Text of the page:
While tolerating and even promoting local culture (mainly folk music and dance) as well as pop of any origin as long as it carried no subversive messages, Indonesia embarked on a long and painful process of intellectual degradation.
The two pillars of the system became religion and the family. To lack religion became illegal behaviour: everybody had (and still has to) to commit to one of the five officially sanctioned religions on his or her identity card (Muslim, Catholic, Protestant, Buddhist or Hindu).
As in almost all poor countries ruled by extreme right wing governments with almost no social spending, the concept of a strong family unit became a decisively important socio-economic element. Parents were expected to make great sacrifices to educate and support their children, who were later expected to support their ageing parents (identical to the situation in Latin America or Africa).
The linguistics of the process were turned upside down. Necessity was turned into virtue, the way to survive into family love.
A God-fearing nation was the next logical step. Sukarnos secularism had not been destroyed – even now, Indonesia remains a secular country in many ways. Nevertheless, in a society where almost any alternative thought or criticism of the system led to some sort of discrimination, sanctions or something much worse, religion became almost the only escape from a dreary reality.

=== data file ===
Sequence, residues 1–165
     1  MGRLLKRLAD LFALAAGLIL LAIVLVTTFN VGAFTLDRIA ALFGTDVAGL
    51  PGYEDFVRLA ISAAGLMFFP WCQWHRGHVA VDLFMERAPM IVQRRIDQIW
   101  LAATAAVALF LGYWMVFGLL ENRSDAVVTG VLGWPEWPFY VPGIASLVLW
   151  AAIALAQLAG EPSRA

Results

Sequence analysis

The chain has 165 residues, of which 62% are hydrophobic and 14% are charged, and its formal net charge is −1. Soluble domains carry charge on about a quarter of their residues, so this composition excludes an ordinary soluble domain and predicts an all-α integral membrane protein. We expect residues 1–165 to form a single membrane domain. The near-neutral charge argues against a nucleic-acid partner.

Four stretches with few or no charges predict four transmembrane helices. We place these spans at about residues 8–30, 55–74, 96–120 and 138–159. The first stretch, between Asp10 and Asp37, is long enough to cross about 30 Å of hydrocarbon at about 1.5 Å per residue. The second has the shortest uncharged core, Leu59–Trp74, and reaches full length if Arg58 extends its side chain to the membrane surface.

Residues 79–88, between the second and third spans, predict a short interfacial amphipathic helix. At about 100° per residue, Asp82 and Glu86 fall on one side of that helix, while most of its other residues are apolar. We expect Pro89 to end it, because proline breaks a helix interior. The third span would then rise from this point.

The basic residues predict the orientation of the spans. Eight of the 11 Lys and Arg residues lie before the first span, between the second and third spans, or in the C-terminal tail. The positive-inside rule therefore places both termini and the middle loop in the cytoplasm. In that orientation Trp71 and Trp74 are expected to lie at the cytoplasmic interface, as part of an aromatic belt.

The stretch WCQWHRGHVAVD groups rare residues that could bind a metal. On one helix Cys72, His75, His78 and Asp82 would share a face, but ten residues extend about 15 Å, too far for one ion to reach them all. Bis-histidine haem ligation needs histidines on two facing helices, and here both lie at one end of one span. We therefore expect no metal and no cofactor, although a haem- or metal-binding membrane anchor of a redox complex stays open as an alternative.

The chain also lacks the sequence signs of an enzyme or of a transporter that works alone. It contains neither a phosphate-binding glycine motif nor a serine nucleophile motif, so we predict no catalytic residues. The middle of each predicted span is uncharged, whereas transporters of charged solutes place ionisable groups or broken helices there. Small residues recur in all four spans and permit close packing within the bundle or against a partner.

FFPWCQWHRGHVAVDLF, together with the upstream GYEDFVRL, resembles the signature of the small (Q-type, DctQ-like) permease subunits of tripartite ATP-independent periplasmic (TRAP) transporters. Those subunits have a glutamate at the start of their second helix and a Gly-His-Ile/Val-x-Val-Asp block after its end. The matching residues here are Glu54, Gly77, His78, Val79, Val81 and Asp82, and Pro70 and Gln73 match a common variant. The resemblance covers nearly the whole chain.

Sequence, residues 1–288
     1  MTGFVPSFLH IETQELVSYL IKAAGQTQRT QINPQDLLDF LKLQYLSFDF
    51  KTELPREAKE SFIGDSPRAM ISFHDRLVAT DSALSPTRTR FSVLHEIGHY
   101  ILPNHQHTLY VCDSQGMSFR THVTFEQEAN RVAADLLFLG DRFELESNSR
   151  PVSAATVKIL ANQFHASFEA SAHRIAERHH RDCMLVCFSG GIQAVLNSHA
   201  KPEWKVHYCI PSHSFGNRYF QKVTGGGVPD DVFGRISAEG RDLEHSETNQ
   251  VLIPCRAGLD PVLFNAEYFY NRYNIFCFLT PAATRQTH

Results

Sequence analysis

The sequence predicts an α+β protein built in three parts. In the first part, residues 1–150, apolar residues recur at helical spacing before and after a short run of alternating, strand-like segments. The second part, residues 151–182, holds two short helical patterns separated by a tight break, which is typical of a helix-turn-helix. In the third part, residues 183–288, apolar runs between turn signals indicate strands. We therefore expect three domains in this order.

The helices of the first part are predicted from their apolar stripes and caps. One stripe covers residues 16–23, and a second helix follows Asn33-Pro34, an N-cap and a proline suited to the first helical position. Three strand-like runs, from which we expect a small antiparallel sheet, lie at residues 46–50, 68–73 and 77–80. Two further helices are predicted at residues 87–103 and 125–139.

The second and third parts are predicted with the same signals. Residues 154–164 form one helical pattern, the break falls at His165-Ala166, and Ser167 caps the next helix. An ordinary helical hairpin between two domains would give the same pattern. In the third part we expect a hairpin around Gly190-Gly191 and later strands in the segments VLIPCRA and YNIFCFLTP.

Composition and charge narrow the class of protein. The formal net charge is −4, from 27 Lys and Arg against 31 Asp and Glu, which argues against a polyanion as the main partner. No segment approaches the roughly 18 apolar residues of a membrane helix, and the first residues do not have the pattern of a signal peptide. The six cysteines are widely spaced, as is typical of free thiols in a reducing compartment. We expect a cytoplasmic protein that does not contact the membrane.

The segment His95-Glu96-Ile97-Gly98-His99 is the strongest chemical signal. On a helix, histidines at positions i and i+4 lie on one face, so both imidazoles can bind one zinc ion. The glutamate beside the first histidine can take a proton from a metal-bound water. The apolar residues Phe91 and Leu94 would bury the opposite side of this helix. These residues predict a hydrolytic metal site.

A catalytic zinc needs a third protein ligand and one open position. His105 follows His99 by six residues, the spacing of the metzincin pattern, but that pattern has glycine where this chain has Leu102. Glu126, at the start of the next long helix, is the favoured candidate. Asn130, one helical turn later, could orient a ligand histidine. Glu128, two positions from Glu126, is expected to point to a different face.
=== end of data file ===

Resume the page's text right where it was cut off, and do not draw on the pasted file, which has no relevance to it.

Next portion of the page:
Moving dramatically from a relaxed approach to religion during Sukarnos rule, post-1965 Indonesia embraced religion as some sort of public display of loyalty and conformity, instead of a personal and extremely private expression of faith. Suhartos departure made no difference: indeed, new strictures such as a dress code for women (something very relaxed in the past) and strict observance of all religious rules became issues. The system did not interfere in the process; as far as it was concerned, women could wear anything they wanted.
One counter-argument would be: but if they like it that way, why challenge their choice? The answer is, because they never had a choice. Almost no child comes in touch with any alternative to religion (for instance, the theory of evolution is mentioned only to be ridiculed) and society destroys anyone who would openly refuses to follow a faith breaking the heart of the family a euphemism for probable excommunication from their kith and kin.